The most commonly used type of chlorine is sodium hypochlorite (NaClO). Sodium hypochlorite is available in liquid form and solid blocks.

Liquid forms include bleach, which has 5% NaClO; and Dichromate, which has 10%. Solid blocks include granules, tablets, and pellets.

There are two types of chlorine: Free and Combined. Free chlorine is the active ingredient in many household products such as dishwashing solutions, laundry detergents, and toilet bowl cleaners.

Combined chlorine is a combination of both free and combined chlorine.

Installing A Chlorinator

You need to invest in a quality chlorinator before installing it. Once installed, you’re ready to convert your pool into a saltwater pool.

After your water is properly balanced and installed, you should be able to turn on the water without any problems.

You’ll need to wait a few days before testing the system. When you’re done, make sure to turn off the power supply and remove the wires from the wall outlet.

You’ll need to work carefully when installing your new shower. Be sure to use proper safety equipment and follow instructions carefully.

To install a pool filter, you must first understand how to properly balance the water in your pool.

You then add the appropriate amount of salt to achieve a desired level of hardness. You then spread the salt across the pool surface. This process takes about 24 hours.

Chlorinators use electricity to make chlorine gas. Mount the chlorinator controller on the wall near the pool equipment pad. Wire it up according to the manual specifications for the system you’re using. 

Note: Some systems come with a power cable that plugs directly into a GFCI-protected circuit.

Others can be wired to an already existing time clock, or wired directly to the pool pumps to get their power.

Also, the controller will come equipped with grounding wire and bonding wires for safe electrical connections.

Install the chlorinator cell into your pool piping system after you’ve installed your filter. Note: The chlorinator cell should be connected to the chlorinator controller before you turn on the pool pump.

Run the pump for several hours until the chlorine level reaches about 1 ppm (parts per million).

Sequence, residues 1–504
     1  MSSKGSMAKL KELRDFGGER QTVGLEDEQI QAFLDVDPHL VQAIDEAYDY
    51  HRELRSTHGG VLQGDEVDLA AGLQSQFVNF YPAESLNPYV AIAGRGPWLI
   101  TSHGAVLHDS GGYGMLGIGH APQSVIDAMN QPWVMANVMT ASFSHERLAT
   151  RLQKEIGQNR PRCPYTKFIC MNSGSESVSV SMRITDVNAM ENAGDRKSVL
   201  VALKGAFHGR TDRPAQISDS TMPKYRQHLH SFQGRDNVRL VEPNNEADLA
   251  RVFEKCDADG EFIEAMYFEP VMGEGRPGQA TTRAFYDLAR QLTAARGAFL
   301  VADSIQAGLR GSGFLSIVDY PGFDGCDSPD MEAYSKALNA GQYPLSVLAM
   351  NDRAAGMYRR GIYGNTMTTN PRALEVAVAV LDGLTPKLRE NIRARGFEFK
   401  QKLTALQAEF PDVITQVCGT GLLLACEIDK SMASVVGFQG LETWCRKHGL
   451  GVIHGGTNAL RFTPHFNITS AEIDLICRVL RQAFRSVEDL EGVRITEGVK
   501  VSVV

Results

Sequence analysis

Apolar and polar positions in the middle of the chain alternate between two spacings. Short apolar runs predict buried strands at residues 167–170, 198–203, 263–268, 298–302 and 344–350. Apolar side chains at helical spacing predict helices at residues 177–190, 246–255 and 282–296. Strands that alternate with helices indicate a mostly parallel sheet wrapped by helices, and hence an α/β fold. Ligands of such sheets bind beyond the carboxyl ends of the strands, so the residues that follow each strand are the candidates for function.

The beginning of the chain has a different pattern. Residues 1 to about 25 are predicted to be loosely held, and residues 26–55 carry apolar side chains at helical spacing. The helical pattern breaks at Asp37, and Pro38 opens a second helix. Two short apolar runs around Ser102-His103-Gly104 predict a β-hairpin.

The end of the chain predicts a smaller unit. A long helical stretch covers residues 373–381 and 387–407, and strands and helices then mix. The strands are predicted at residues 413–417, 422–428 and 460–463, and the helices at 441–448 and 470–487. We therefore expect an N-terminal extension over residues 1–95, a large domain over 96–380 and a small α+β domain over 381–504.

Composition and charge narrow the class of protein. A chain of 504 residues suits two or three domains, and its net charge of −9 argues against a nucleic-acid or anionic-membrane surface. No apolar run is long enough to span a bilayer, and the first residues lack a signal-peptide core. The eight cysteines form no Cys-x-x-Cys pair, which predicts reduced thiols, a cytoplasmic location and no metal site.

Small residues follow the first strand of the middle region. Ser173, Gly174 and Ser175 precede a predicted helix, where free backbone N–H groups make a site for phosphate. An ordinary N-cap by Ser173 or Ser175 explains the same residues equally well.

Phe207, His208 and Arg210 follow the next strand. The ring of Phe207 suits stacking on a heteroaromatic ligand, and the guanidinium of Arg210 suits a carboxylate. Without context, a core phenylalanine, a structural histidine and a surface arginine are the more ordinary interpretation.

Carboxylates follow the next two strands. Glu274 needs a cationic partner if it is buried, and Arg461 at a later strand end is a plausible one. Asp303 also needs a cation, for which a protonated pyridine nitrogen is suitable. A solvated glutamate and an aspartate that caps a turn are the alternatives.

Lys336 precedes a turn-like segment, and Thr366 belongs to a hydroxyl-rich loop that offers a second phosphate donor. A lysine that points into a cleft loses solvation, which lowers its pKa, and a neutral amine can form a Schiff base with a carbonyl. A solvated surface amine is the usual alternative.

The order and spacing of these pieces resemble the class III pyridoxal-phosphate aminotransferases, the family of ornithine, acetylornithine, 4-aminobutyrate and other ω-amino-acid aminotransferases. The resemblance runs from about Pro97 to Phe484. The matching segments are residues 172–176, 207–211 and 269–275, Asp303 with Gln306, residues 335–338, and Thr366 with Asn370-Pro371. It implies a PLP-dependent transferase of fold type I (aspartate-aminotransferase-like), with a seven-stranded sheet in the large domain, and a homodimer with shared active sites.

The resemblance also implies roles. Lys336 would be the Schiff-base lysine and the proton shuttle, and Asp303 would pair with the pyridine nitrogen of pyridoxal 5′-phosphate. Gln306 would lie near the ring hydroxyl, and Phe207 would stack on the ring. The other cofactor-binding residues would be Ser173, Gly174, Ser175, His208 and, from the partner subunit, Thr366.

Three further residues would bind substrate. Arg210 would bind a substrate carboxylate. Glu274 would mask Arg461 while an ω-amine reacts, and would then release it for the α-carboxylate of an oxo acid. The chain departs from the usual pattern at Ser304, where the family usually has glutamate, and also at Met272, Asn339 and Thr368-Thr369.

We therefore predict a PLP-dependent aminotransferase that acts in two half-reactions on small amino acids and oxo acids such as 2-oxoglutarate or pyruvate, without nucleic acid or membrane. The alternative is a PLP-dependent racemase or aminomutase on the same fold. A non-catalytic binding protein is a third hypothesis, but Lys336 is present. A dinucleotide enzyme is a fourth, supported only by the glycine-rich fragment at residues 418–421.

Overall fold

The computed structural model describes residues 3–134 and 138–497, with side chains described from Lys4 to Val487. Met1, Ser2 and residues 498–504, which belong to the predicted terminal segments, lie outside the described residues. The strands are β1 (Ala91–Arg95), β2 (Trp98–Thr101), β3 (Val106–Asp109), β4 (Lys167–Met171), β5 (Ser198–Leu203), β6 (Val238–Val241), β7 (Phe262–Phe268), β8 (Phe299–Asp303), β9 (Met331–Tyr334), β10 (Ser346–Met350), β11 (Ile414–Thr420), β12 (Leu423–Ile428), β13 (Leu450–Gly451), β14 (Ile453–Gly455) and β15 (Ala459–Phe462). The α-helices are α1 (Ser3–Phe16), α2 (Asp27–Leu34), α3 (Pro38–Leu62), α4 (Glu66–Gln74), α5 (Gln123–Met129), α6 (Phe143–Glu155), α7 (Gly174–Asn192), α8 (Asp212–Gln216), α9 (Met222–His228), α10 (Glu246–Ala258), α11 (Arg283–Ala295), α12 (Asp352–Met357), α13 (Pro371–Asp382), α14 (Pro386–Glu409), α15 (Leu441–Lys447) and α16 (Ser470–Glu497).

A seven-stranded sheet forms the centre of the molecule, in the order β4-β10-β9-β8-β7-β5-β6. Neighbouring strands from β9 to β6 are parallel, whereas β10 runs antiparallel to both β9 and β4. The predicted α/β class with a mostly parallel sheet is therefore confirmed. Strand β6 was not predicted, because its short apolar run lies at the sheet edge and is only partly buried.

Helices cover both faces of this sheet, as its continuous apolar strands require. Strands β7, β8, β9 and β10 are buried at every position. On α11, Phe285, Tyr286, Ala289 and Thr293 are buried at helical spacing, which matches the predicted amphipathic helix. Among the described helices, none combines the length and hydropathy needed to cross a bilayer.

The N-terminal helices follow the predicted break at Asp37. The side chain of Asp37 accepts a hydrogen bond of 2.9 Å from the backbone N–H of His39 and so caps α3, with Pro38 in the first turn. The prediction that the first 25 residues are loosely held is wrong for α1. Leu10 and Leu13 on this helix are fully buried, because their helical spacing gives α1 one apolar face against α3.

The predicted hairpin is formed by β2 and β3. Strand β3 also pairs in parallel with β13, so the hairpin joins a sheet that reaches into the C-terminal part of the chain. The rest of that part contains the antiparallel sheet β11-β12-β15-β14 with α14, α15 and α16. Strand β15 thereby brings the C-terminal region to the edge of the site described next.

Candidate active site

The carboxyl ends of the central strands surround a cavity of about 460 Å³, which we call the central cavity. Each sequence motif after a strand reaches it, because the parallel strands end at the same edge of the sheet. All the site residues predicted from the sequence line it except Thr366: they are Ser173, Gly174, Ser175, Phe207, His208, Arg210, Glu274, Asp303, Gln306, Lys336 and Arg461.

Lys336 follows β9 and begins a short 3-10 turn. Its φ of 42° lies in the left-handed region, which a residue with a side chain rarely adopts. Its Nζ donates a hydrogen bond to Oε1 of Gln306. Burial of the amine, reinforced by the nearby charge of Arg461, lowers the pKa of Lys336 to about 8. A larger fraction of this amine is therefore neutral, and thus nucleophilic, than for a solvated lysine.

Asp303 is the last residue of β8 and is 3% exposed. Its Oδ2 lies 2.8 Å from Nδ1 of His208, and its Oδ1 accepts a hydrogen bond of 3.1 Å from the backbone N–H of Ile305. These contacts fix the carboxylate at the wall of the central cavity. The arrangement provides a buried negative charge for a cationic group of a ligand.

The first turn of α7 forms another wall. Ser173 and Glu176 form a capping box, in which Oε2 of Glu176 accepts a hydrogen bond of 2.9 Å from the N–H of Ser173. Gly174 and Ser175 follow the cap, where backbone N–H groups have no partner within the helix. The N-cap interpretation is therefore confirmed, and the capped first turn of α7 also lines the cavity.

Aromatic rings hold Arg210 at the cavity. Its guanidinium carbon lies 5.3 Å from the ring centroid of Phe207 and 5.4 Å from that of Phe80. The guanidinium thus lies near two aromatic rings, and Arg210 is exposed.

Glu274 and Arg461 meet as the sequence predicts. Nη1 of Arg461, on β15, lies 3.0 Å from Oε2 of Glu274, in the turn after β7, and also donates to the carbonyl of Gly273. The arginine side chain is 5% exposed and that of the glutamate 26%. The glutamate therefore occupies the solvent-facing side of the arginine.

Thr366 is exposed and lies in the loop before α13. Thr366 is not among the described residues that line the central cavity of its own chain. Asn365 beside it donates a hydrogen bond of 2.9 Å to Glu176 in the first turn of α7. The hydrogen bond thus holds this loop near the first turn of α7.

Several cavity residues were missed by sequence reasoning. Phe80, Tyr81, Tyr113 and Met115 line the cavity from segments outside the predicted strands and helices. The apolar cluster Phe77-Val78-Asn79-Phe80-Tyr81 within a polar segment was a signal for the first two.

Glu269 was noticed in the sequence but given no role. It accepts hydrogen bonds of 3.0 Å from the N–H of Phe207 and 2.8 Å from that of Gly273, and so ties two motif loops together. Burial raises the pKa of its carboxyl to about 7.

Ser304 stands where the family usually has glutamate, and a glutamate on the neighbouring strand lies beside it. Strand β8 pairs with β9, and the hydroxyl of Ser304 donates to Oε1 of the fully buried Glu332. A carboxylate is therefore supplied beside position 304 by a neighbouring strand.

A saltwater pool needs chlorine to be safe for swimming. Turn on the salt chlorinator to add chlorine to the pool.

Testing And Cleaning

Testing And Cleaning

Clean, clear water requires regular maintenance. Chlorinators should be tested regularly to ensure they’re working properly. Chlorinators should also be cleaned and maintained regularly.

Scrubbing the sides of your pool is important because algae grows quickly if you don’t do this regularly.

Vacuuming the bottom of your pool helps prevent water from leaking out.

Checking your cell phone for buildup is important because it prevents damage to your phone. Cleaning your phone with hydrochloric acid is important because it keeps your phone working properly.

Choosing A Salt Type

Pool salt should be free of impurities. You shouldn’t use regular table salt in your pool because it contains chemicals and other impurities.

High quality salt should be used to prevent problems. You need to use enough salt for your pool’s volume to maintain a level of 2,700 ppm to 3,400 ppm. The ideal level is 3,200 ppm.

Professional Pool Salt is a salt that dissolves quickly. It’s used to make pools clean and safe.

A Few Potential Concerns

Saltwater pools are easy to convert, but there are still many things to consider before you do it. You should know what you’re doing before you start.

Galvanic Corrosion

Zinc is a chemical element that occurs naturally in the earth’s crust. It is found in many minerals such as copper, lead, silver, gold, and zinc.

It is used in batteries, coins, jewelry, and other products. It is also used in medicine because it helps fight infections.

Zinc is also used in swimming pools to reduce the amount of chlorine needed to disinfect the water. This helps protect the pool’s internal structure from damage caused by the chlorine.

Pet Safety

Pets shouldn’t drink from saltwater pools because they could get sick or even die. Your pets may be fine drinking from a saltwater pool, but make sure they’re getting fresh water too.

Swallowing saltwater isn’t dangerous if you’re careful about how much you consume.

Drinking too much saltwater causes problems for your pets. You should make sure your pets aren’t getting into the pool regularly.

Pool Area Damage

Salt water pools are very dangerous because they cause damage to metal pool equipment and concrete coping.

Plants near the pool should be protected from salty water. Pool owners should seal up any cracks in the concrete coping and stonework.

Be A Pool Owner Worth Your Salt

Saltwater pools require less maintenance than chlorinated pools because there is no need to add chemicals to the water.

However, saltwater pools do require regular cleaning to remove algae. There is also a risk of drowning if children fall into the water.

Final Thoughts

Converting your pool to salt water isn’t for everyone – but those who do it, love it! Hopefully this guide has helped you to learn more about it!

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By Anthony Barnes

Anthony Barnes is the founder of Water Heater Hub and a second-generation plumber by profession. Before developing Water Heater Hub, Anthony Barnes was a full-time plumber, and he has undertaken a wide variety of projects over the decades. As a second-generation plumber, it was easy for Anthony to get used to the technicalities of all from a tender age